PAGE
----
COVID vaccines and mammography

COVID vaccines and mammography

COVID-19 vaccination and mammograms

Some recent articles in the media have drawn attention to emerging concerns about “false positive” results during mammography following COVID vaccination. The reports indicate that the vaccines cause a swelling of axillary lymph nodes (glands under the arms), which could be mistaken for breast cancer.

The concern is that the vaccine may cause swelling, which may then require imaging (such as mammography) and then may also lead to unnecessary biopsies. Avoiding unnecessary treatment, costs and the associated anxiety would be a good step.

Lymph node enlargement

Lymph node enlargement in the axillae can be seen in malignancies such as breast cancer, lung cancer and lymphomas. It can also be caused by a response to infection, as well as recent vaccination, usually in the corresponding arm.

Lymph node enlargement is also not unusual after vaccinations that evoke a strong immune response, such as the COVID-19 vaccine.

Scholarly articles so far are based on very few case descriptions of axillary lymph node enlargement after COVID-19 vaccination. One study referred to in some newspaper articles was based on a cohort of four patients.

A gold standard study tracking a cohort of 43,548 people receiving the Pfizer-BioNTech vaccine showed that lymph node swelling was reported in <0.1% of participants.

What if swelling is noticed?

Patients presenting to their GP with lymph node swelling following COVID-19 vaccination should be examined to rule out possible malignancy. Most will be followed-up in the short term, to check if it has resolved, before referring onward for imaging and potentially unnecessary biopsies.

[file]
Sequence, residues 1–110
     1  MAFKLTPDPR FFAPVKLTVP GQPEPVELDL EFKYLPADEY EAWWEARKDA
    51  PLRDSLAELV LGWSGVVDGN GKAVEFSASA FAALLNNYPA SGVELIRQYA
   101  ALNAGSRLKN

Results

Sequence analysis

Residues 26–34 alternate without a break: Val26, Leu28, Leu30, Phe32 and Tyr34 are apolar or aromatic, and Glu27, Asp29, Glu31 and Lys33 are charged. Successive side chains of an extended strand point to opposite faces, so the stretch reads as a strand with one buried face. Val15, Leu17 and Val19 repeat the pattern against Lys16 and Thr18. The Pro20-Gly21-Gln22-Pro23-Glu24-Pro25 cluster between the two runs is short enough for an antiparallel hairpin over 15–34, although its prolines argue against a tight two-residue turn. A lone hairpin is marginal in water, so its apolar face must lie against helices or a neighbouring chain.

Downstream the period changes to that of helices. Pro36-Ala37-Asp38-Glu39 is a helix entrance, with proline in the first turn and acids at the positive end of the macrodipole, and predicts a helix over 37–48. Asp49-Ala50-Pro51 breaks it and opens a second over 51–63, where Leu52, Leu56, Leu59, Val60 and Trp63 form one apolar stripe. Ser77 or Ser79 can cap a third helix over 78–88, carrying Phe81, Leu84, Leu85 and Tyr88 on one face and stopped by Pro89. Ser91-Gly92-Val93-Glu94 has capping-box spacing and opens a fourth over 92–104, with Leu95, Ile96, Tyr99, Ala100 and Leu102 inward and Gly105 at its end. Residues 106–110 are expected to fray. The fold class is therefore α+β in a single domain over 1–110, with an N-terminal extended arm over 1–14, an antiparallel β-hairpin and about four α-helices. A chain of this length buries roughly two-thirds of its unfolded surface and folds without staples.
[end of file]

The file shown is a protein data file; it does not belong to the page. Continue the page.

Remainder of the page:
When should I have the mammogram?

Although no official guidance on the topic has yet been published in the UK, it would be reasonable to opt for routine screening before receiving the COVID-19 vaccine, if possible.

Alternatively, deferring routine screening mammography to 4 weeks after the 2nd dose of vaccination, would enable imaging when most reactive lymph nodes have usually resolved.

Mammography saves lives

In the UK, the NHS offers breast screening to women over the age of 50 and it is recommended every 3 years. This is a longstanding screening programme proven to reduce the morbidity and mortality from breast cancer.

It is important to discuss with your doctor if you are unsure about when you should have your screening mammogram, rather than cancelling it altogether.

If you (or anyone you know) has any concerns about lumps in your breasts, or under the arms, regardless of whether you have recently had a COVID vaccination, you must speak to your GP.

Your doctor can examine you and refer you for imaging and specialist assessment if needed. Always ask for help at the earliest opportunity.

17th February 2021

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